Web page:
Comparing Religions through Law: Judaism and Islam

By Jacob Neusner; Tamara Sonn | Go to book overview
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7

UNIQUE CATEGORIES

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The unique category

One of the difficulties in one religion’s understanding of the other emerges in this chapter, where we deal with ideas and experiences in the one religion that have no counterpart in the other. Lacking an interior analogy upon which to draw in making sense of the other, each religion finds itself baffled by matters critical to the world construction of its counterpart. We do not point to the unique categories as insuperable obstacles in the nurture of reasonable discourse between the two faiths, for in the great age of Islamic and Judaic philosophy and theology, in the Middle Ages, Islam and Judaism found themselves quite able to conduct civil and reasonable debate. But we do find in these categories consequential examples of why interfaith dialogue may yield only confusion.

That is because we come now to Islam’s and Judaism’s indicative categories of law. These turn out to be unique, each without parallel in the category formation of the other. These unique categories tell us what is distinctive about each religion. In previous chapters we have shown significant congruence between Judaic and Islamic law in structure and procedures. We have also discussed areas of relative incongruity, where each tradition treats the same subjects as the other, but presents them in different ways or with varying degrees of emphasis. Thus each religion offers to the other categories that are comparable to those of the other, and the one may understand the other, if not in detail, then at least in general terms: this is not exactly like that, but it is sufficiently similar to make sense in the context of the counterpart party to dialogue. We may, for instance, find ideas or practices that function, each in its own structure, in a manner similar to those of the other. At the point at which each religious tradition speaks of unique matters, however, the one tradition proves utterly inconsistent with the other.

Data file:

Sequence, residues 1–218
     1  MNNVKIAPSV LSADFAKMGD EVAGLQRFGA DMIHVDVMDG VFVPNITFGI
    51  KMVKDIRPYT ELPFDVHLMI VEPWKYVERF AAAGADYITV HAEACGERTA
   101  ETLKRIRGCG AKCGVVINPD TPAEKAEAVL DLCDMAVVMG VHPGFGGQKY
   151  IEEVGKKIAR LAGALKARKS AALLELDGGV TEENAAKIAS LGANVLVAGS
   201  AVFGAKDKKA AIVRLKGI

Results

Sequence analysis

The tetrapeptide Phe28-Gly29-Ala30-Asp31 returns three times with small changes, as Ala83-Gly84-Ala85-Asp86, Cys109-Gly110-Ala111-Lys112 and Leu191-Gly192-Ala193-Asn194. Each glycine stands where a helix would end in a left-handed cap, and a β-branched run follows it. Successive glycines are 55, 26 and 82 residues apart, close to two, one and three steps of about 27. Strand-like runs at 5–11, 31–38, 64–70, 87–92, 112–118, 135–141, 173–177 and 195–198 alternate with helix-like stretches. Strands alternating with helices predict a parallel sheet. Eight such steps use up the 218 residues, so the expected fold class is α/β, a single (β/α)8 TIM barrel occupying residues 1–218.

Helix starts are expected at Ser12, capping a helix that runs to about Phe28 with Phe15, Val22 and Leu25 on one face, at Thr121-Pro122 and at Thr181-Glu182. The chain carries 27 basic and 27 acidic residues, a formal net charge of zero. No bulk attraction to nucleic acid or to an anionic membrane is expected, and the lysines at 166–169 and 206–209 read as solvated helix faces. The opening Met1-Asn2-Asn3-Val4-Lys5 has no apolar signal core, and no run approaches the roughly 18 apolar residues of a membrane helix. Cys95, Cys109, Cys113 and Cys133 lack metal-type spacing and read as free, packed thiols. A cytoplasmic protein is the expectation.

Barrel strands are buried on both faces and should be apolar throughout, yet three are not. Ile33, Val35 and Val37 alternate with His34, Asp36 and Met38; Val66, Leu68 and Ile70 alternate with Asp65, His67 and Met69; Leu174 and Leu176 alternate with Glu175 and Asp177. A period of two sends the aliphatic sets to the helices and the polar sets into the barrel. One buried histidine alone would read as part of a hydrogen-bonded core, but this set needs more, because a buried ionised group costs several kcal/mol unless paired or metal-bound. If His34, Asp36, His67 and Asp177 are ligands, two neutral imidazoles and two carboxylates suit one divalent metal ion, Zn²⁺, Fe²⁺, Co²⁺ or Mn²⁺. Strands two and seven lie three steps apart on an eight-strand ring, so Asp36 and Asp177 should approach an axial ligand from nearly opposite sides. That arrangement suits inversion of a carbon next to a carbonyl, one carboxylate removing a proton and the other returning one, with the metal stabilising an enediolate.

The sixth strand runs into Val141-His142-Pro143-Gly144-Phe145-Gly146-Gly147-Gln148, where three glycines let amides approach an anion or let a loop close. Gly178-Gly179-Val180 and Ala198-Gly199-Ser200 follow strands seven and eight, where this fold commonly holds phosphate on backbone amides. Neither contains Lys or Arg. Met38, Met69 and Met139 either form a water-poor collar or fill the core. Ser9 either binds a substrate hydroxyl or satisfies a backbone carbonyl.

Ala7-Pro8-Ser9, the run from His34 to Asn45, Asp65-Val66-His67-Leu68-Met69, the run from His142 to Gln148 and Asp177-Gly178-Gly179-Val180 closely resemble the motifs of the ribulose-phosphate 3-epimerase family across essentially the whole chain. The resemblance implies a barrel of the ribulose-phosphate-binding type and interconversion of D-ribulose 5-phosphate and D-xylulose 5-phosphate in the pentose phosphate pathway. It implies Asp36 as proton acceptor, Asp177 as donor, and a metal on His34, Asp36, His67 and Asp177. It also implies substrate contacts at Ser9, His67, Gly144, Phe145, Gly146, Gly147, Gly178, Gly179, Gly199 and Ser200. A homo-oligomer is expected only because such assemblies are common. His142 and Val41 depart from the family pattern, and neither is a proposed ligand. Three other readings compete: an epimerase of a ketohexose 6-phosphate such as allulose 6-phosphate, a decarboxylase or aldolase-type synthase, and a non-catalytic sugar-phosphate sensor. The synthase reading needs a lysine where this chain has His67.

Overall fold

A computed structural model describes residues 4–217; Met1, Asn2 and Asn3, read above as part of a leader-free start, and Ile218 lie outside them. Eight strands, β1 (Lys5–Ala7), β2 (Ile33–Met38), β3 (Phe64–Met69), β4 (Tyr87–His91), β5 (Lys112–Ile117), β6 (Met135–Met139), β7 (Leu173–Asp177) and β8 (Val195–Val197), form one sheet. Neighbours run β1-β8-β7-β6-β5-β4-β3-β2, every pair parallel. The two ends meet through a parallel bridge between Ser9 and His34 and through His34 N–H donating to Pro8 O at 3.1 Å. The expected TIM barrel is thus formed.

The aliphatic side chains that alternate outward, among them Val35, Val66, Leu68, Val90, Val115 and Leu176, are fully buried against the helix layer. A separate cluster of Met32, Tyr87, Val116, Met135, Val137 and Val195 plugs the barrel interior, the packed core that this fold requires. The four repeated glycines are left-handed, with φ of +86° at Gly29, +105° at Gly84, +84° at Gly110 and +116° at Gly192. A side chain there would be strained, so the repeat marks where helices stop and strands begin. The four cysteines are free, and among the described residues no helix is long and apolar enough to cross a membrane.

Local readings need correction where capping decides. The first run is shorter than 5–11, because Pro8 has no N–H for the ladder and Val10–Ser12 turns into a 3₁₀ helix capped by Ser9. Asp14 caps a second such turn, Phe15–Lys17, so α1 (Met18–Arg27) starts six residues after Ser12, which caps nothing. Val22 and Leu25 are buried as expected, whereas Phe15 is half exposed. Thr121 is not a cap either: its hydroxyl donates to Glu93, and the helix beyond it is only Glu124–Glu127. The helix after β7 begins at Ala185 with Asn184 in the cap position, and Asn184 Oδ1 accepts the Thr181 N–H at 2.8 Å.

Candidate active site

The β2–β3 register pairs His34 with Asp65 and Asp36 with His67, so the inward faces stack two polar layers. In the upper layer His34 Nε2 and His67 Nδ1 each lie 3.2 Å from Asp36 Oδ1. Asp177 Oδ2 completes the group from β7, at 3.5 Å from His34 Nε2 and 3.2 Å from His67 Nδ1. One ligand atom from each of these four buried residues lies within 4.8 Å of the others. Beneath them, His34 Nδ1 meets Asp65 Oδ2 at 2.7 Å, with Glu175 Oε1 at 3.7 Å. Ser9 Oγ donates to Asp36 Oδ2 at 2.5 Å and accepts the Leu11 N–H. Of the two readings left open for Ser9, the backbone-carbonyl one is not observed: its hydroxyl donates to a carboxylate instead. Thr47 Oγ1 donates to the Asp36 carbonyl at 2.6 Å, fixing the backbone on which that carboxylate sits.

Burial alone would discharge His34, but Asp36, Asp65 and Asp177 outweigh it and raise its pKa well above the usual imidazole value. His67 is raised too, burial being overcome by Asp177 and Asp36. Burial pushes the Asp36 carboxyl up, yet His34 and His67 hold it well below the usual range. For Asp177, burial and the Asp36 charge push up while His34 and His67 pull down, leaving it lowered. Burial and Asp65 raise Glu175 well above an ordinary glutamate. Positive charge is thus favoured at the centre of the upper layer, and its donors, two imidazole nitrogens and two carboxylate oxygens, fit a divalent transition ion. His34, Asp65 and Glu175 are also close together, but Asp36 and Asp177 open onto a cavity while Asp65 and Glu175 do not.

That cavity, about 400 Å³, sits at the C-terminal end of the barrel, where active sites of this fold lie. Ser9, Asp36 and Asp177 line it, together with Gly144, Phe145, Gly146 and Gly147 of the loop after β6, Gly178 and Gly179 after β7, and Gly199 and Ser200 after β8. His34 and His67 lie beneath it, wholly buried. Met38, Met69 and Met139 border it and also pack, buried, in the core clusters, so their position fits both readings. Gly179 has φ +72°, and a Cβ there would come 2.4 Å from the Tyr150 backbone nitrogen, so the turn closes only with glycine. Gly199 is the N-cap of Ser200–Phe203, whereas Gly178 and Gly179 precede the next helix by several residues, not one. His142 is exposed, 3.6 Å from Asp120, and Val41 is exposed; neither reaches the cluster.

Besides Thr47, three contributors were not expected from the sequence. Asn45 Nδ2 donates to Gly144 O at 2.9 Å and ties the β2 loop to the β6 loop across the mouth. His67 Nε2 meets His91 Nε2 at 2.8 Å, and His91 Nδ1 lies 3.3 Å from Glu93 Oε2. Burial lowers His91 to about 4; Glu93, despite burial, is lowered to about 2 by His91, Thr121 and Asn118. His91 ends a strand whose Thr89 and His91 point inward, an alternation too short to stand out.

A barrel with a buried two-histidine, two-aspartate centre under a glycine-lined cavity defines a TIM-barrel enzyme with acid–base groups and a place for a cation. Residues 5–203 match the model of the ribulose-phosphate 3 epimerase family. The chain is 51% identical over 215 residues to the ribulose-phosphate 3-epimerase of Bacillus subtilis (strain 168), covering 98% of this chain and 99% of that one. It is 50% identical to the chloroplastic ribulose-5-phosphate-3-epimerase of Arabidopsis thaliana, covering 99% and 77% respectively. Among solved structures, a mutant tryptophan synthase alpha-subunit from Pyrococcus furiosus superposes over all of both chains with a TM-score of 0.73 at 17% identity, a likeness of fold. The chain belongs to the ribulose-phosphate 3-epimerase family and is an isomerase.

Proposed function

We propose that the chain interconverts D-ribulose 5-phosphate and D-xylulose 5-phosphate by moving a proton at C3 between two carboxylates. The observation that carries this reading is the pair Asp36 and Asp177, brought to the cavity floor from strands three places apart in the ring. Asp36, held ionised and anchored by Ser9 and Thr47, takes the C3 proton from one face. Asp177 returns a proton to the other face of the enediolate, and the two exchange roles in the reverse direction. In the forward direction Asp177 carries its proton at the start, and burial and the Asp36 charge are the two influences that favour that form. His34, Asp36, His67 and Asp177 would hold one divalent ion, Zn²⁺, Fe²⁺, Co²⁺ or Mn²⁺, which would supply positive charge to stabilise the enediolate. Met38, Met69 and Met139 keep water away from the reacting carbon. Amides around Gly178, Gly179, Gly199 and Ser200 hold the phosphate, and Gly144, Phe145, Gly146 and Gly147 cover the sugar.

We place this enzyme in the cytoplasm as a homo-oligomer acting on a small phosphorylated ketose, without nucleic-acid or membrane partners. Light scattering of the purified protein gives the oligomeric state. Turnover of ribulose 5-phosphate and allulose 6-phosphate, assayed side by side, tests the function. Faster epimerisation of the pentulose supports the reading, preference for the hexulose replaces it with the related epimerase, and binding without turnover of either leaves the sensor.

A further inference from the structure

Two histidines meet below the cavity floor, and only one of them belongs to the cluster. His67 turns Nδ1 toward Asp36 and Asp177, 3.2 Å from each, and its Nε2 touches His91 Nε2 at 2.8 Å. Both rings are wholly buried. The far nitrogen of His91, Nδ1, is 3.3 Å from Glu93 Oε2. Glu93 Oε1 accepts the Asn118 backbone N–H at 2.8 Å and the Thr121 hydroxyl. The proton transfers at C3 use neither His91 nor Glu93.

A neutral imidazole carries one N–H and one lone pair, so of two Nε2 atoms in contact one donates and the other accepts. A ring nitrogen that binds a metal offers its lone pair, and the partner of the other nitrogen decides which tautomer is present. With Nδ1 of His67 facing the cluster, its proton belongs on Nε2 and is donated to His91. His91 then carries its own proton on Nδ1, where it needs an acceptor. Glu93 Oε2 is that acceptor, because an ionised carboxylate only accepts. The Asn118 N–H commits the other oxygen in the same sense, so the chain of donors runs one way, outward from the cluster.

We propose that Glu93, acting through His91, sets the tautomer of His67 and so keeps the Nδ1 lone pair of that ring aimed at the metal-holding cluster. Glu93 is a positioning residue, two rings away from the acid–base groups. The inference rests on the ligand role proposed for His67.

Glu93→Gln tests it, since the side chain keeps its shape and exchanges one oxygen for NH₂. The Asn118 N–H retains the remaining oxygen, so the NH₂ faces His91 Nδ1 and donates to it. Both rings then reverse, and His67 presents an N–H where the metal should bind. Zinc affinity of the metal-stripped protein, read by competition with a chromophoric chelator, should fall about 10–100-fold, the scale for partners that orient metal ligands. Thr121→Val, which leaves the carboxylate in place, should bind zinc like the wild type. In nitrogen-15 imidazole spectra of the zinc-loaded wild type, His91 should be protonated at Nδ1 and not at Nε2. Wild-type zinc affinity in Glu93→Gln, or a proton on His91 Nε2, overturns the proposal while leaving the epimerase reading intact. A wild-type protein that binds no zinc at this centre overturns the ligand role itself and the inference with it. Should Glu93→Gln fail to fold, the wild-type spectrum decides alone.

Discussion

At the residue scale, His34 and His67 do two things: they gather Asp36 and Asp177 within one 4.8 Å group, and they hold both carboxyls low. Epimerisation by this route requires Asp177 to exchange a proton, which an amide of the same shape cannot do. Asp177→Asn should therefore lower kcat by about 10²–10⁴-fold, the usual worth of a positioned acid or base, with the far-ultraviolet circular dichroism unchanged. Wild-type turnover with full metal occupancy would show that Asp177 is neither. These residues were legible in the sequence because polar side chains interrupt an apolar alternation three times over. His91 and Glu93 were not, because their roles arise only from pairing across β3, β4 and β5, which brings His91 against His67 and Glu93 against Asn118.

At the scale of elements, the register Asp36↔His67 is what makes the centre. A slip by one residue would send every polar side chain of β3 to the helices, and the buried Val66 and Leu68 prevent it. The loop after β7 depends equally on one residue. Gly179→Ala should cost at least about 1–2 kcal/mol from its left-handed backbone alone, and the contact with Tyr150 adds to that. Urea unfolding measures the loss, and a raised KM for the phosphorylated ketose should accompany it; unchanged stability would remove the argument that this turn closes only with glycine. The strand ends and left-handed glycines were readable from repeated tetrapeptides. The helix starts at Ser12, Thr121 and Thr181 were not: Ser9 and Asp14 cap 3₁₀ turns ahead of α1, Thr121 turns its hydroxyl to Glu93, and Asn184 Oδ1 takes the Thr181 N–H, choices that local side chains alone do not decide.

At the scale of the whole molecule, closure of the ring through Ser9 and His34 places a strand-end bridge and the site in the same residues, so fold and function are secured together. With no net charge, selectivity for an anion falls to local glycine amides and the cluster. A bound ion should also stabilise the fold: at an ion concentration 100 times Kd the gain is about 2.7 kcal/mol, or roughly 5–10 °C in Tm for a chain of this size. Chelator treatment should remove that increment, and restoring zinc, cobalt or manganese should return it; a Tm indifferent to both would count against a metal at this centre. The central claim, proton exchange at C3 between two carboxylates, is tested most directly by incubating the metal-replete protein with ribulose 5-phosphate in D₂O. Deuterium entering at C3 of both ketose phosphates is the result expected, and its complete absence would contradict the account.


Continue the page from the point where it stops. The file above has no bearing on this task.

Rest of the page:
What are some of these unique categories? For Judaism, one such category without a counterpart in Islam speaks of the relations of a specific, limited community in the model of God’s relation with Moses; another involves the formation of the Israelite man in the image and likeness of God as revealed to

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